Fox News senior judicial analyst Judge Andrew Napolitano appeared on "Fox & Friends" Tuesday to react to Special Counsel Robert Mueller's office accusing Paul Manafort of violating his plea agreement.

Manafort, 69, was convicted on multiple counts of financial fraud over the summer in connection to work he completed in Ukraine as a political consultant. Approaching a separate trial on similar charges in September he entered into an arrangement with the government in which he was expected to answer questions on a wide variety of matters. Manafort remains jailed and is expected to face at least 10 years in prison.

“After signing the plea agreement, Manafort committed federal crimes by lying to the Federal Bureau of Investigation and the Special Counsel’s Office on a variety of subject matters, which constitute breaches of the agreement," Mueller's office said.

Manafort, however, according to the report, contested the claims of the special counsel.

Napolitano explained that this means that the special counsel's office will not ask the judge in the Eastern District of Virginia to "go easy" on Manafort in sentencing, which is scheduled for early February.

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Napolitano said it's very uncommon for a defendant to lie to prosecutors in this context, adding Manafort is "really at their mercy."

"My prediction is that he'll be sentenced to the max, and while in jail indicted for lying to the FBI and plead guilty to that," Napolitano said. "I doubt he'll see the light of day until he's very, very old."

He also said that Manafort's plea agreement is "very, very complicated" because Mueller's team had Manafort plead guilty to state crimes in New Jersey, New York and California, in addition to federal crimes.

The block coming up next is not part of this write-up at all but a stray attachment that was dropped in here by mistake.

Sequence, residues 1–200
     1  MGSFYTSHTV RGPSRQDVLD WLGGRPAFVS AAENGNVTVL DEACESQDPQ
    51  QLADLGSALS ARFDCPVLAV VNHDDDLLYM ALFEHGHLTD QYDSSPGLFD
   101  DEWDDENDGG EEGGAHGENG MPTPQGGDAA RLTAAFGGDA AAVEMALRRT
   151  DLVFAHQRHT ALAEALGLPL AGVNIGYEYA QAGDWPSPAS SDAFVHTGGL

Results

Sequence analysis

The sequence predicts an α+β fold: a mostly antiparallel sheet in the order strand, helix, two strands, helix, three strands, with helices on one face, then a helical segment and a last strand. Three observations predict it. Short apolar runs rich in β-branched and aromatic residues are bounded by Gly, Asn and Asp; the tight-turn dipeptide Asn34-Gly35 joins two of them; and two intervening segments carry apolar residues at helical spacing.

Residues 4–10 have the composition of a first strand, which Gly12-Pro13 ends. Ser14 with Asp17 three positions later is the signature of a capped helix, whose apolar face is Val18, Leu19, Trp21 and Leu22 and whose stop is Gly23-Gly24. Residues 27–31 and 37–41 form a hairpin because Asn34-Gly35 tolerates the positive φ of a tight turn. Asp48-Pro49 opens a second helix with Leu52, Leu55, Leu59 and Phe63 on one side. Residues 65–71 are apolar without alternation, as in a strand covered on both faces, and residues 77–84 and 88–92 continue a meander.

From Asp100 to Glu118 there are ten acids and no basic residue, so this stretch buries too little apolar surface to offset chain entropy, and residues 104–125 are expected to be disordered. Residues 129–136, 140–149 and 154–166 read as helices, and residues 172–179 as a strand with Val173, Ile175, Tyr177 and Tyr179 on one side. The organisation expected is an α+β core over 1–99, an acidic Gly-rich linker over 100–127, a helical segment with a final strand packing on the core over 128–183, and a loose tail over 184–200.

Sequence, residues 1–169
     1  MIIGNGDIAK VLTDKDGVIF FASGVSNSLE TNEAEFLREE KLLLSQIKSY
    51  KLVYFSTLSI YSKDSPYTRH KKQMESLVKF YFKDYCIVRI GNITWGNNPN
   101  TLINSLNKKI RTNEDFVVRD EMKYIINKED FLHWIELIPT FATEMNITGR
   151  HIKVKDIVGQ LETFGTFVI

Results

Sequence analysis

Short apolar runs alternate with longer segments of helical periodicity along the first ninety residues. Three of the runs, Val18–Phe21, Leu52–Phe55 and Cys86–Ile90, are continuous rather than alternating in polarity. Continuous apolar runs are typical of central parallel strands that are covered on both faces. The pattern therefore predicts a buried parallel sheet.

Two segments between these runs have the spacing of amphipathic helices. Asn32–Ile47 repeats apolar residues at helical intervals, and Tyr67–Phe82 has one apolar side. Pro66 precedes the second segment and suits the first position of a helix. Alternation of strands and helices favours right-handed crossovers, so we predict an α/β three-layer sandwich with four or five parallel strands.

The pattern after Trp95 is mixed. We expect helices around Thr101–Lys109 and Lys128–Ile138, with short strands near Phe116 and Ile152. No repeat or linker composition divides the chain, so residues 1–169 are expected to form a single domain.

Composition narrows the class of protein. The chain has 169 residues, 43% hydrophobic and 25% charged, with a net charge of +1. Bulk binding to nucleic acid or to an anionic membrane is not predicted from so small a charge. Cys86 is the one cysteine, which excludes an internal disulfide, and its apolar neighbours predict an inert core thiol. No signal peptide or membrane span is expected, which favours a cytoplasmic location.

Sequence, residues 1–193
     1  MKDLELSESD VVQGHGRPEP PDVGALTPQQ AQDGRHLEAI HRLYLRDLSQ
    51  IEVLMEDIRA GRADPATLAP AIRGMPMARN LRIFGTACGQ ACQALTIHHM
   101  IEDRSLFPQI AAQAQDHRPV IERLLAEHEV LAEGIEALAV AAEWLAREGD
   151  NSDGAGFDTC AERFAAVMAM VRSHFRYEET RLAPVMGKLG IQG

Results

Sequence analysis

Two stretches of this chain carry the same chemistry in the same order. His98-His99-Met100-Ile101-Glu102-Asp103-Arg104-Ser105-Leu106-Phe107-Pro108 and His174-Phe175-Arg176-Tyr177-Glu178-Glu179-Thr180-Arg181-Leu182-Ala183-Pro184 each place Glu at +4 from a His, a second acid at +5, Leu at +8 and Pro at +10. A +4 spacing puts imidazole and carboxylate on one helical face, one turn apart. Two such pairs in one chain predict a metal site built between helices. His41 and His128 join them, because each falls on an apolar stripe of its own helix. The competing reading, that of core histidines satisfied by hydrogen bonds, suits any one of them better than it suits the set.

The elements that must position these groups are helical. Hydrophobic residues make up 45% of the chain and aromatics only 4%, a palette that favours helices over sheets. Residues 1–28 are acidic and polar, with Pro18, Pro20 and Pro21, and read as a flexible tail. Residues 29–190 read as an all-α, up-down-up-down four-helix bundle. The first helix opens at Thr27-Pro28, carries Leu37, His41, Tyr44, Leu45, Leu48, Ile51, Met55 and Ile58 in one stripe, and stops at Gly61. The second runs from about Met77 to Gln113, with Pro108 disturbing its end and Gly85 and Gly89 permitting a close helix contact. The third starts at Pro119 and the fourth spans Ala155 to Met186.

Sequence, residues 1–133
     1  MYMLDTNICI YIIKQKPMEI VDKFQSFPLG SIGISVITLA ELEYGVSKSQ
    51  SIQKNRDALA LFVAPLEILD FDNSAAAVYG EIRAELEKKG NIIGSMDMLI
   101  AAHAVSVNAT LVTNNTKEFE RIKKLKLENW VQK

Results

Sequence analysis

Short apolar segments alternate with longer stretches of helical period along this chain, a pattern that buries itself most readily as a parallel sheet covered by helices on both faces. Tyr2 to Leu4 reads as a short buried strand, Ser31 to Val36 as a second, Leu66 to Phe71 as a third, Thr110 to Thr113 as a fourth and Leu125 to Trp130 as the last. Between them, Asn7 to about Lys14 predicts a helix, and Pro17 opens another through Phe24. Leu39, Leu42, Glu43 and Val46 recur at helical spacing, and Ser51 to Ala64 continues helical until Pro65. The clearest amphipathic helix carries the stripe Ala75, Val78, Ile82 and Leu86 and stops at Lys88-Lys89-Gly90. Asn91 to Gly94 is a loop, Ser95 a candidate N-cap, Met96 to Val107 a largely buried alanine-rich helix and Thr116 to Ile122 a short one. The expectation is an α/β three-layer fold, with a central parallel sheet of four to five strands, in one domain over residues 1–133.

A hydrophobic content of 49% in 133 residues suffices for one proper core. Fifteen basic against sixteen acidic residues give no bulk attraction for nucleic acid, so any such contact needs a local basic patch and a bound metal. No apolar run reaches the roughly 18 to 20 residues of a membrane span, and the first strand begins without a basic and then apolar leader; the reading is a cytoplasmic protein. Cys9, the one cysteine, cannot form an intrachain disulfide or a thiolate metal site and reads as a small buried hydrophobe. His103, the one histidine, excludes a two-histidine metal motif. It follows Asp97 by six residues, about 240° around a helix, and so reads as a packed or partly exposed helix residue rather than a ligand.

"So if everything falls apart, the attorneys general in those three states can indict him," Napolitano said, calling it a "very shrewd" move by Mueller that prevents a presidential pardon from being used.

He said the question now is if there is going to be a trial over what Manafort allegedly lied about, and if so, what information will be revealed in that trial.

"[Mueller's team will say], 'Here's what he told us, here's what we have to contradict him, here's why what we have to contradict him is the truth, here's what he said is a lie,'" Napolitano said. "That could take days. And we know it's probably about the president."

Later on "Shepard Smith Reporting", Napolitano said a "mini-trial" could be forthcoming between Mueller's team and Manafort's lawyers where evidence of Manafort's alleged lies would be presented publicly. 

"What will come out in that hearing is probably of deep concern to the president," he explained.

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